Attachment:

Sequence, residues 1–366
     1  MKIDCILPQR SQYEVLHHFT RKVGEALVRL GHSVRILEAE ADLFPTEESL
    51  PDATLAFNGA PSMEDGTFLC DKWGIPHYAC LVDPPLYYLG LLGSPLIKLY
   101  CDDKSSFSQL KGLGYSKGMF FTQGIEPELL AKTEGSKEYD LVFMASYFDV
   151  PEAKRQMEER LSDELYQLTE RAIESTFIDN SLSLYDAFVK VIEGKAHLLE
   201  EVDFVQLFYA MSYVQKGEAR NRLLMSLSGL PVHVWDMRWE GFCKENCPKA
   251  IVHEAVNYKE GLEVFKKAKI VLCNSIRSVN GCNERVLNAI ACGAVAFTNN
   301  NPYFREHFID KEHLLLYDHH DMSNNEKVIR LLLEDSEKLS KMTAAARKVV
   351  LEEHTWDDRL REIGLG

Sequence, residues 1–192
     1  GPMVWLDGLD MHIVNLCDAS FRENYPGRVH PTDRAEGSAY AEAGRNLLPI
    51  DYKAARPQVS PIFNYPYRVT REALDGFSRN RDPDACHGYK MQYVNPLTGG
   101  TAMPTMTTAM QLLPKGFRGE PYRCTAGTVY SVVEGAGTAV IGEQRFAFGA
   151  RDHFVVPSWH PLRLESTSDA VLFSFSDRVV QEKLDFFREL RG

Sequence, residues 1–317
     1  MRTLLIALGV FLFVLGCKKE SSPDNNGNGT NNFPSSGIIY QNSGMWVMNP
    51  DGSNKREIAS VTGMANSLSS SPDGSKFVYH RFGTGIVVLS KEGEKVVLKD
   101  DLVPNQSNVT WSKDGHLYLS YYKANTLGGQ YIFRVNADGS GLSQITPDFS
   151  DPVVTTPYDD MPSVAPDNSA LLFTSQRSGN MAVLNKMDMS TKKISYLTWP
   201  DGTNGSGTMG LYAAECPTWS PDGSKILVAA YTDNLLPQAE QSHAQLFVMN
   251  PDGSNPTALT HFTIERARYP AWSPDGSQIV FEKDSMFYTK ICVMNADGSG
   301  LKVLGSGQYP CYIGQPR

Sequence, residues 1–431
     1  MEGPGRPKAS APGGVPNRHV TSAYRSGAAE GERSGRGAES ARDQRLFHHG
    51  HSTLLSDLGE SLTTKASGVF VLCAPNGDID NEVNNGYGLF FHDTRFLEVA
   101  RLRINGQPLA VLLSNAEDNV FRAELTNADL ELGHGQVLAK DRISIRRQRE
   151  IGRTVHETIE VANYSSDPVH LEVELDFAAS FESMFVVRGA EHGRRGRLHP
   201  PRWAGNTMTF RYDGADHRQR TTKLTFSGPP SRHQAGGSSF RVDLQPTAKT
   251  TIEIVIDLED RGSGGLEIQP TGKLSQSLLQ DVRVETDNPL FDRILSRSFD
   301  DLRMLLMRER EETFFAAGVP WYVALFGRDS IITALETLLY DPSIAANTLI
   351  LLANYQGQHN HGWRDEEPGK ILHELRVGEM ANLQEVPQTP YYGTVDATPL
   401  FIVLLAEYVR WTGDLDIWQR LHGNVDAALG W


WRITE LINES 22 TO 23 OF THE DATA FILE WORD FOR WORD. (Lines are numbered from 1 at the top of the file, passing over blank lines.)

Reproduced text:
   301  LKVLGSGQYP CYIGQPR

Sequence, residues 1–431